sd_event_wait, sd_event_prepare, sd_event_dispatch, sd_event_get_state, sd_event_get_iteration, SD_EVENT_INITIAL, SD_EVENT_PREPARING, SD_EVENT_ARMED, SD_EVENT_PENDING, SD_EVENT_RUNNING, SD_EVENT_EXITING, SD_EVENT_FINISHED - Low-level event loop operations
int sd_event_prepare(sd_event *event);
int sd_event_wait(sd_event *event, uint64_t usec);
int sd_event_dispatch(sd_event *event);
int sd_event_get_state(sd_event *event);
int sd_event_get_iteration(sd_event *event, uint64_t *ret);
The low-level sd_event_prepare(), sd_event_wait() and sd_event_dispatch() functions may be used to execute specific phases of an event loop. See sd_event_run(3) and sd_event_loop(3) for higher-level functions that execute individual but complete iterations of an event loop or run it continuously.
sd_event_prepare() checks for pending events and arms necessary timers. If any events are ready to be processed ("pending"), it returns a positive, non-zero value, and the caller should process these events with sd_event_dispatch().
sd_event_dispatch() dispatches the highest priority event source that has a pending event. On success, sd_event_dispatch() returns either zero, which indicates that no further event sources may be dispatched and exiting of the event loop was requested via sd_event_exit(3); or a positive non-zero value, which means that an event source was dispatched and the loop returned to its initial state, and the caller should initiate the next event loop iteration by invoking sd_event_prepare() again.
In case sd_event_prepare() returned zero, sd_event_wait() should be called to wait for further events or a timeout. If any events are ready to be processed, it returns a positive, non-zero value, and the events should be dispatched with sd_event_dispatch(). Otherwise, the event loop returned to its initial state and the next event loop iteration should be initiated by invoking sd_event_prepare() again.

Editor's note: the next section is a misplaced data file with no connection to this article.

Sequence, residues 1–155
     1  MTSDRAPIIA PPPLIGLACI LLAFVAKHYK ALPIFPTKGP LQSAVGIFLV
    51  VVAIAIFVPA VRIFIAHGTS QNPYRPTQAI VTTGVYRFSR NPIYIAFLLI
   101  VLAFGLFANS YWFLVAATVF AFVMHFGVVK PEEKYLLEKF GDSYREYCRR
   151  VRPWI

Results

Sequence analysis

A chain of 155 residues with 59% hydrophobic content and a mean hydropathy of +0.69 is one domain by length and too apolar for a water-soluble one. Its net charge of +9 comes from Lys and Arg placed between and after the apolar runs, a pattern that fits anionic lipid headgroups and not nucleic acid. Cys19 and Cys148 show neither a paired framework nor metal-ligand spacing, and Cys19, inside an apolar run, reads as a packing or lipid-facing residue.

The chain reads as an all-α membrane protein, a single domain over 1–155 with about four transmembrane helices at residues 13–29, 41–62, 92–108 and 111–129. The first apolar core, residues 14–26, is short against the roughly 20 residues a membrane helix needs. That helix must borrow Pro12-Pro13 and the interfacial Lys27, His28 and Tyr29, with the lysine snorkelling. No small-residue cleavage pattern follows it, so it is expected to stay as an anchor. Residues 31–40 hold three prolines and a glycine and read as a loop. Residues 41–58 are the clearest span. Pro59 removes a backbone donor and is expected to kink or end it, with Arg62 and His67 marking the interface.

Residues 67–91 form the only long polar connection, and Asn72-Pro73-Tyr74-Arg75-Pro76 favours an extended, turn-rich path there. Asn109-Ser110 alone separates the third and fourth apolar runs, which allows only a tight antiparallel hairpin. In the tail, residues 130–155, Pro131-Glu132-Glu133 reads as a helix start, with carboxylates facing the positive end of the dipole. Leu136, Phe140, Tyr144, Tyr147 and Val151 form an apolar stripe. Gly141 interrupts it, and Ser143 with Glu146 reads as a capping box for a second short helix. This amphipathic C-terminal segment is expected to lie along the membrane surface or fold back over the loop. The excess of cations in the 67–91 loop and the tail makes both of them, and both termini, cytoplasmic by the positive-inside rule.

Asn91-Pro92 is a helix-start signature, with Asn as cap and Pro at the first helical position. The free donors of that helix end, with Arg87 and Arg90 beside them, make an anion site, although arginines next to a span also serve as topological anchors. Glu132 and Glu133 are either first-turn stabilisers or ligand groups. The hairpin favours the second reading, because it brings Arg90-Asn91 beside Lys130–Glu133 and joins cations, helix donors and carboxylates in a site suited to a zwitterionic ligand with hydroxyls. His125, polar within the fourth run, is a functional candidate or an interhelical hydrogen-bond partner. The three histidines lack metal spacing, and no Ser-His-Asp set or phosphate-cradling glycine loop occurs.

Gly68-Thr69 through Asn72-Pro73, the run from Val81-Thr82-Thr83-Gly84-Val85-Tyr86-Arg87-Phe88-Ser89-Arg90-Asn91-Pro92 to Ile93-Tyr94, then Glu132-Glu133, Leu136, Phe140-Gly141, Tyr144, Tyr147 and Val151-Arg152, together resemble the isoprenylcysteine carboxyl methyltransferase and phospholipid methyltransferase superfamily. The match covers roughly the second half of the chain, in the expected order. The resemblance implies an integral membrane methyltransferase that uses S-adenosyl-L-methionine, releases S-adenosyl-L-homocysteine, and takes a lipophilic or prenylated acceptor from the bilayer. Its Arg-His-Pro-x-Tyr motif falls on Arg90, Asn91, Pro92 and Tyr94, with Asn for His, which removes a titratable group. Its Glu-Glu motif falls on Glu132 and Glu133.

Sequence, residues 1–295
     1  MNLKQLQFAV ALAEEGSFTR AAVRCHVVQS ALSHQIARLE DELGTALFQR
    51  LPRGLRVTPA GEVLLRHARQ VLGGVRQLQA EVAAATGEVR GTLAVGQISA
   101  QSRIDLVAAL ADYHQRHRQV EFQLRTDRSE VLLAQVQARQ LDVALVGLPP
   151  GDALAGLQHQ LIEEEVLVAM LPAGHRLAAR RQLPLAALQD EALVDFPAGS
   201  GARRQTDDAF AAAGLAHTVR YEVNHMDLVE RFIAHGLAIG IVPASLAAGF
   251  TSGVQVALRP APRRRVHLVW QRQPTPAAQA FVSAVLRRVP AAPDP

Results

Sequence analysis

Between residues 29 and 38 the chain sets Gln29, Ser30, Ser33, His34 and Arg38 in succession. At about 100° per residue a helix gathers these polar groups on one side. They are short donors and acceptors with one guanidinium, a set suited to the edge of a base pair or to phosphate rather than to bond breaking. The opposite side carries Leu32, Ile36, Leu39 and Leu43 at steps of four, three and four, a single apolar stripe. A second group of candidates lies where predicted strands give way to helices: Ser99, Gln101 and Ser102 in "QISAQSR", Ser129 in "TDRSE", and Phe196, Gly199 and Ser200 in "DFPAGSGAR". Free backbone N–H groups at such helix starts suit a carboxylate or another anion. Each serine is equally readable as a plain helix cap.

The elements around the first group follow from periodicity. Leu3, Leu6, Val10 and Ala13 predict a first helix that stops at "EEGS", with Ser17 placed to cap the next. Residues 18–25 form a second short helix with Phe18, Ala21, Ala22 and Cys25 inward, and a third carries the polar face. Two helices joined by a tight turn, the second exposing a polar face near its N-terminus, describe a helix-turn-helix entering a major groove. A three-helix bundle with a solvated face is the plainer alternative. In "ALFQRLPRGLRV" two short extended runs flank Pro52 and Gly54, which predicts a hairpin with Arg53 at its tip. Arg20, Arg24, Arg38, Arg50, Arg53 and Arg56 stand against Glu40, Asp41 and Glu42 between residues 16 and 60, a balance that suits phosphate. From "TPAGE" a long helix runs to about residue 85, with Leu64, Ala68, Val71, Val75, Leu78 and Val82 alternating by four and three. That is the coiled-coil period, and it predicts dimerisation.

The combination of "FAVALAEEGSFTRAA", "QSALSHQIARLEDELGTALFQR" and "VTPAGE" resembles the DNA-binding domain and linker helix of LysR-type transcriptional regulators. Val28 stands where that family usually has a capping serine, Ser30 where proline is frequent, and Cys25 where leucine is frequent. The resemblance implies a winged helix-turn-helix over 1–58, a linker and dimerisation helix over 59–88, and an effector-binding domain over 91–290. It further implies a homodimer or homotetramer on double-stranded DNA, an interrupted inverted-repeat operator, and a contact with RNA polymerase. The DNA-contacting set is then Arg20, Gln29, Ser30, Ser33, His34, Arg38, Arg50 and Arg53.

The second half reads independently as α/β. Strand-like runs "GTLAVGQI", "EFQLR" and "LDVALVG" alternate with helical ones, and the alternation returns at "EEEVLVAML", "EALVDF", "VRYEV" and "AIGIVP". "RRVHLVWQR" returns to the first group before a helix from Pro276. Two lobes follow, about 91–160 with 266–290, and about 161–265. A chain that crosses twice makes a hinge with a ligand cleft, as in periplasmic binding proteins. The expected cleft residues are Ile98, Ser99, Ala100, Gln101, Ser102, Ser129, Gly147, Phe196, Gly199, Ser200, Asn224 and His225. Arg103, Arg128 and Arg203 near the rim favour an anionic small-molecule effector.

sd_event_get_state() may be used to determine the state the event loop is currently in. It returns one of the states described below.
sd_event_get_iteration() may be used to determine the current iteration of the event loop. It returns an unsigned 64-bit integer containing a counter that increases monotonically with each iteration of the event loop, starting with 0. The counter is increased at the time of the sd_event_prepare() invocation.
All five functions take, as the first argument, the event loop object event that has been created with sd_event_new(). The timeout for sd_event_wait() is specified in usec in microseconds. (uint64_t) -1 may be used to specify an infinite timeout.
The event loop knows the following states, that may be queried with sd_event_get_state().
A simplified flow chart of the states and the calls to transition between them is shown below. Note that SD_EVENT_PREPARING, SD_EVENT_RUNNING and SD_EVENT_EXITING are not shown here.
v ret == 0 |
sd_event_prepare() >--->--->--->--->- ARMED |
| | ^
| ret > 0 | |
| | |
v v ret == 0 |
PENDING <---<---<---<---<---< sd_event_wait() >--->--->--+
| ret > 0 ^
| ret > 0
| ret == 0
On success, these functions return 0 or a positive integer. On failure, they return a negative errno-style error code. In case of sd_event_prepare() and sd_event_wait(), a positive, non-zero return code indicates that events are ready to be processed and zero indicates that no events are ready. In case of sd_event_dispatch(), a positive, non-zero return code indicates that the event loop returned to its initial state and zero indicates the event loop has exited. sd_event_get_state() returns a positive or zero state on success.
Returned errors may indicate the following problems:
Other errors are possible, too.
Functions described here are available as a shared library, which can be compiled against and linked to with the libsystemd pkg-config(1) file.
The code described here uses getenv(3), which is declared to be not multi-thread-safe. This means that the code calling the functions described here must not call setenv(3) from a parallel thread. It is recommended to only do calls to setenv() from an early phase of the program when no other threads have been started.
systemd(1), sd_event_new(3), sd_event_add_io(3), sd_event_add_time(3), sd_event_add_signal(3), sd_event_add_child(3), sd_event_add_inotify(3), sd_event_add_defer(3), sd_event_run(3), sd_event_get_fd(3), sd_event_source_set_prepare(3)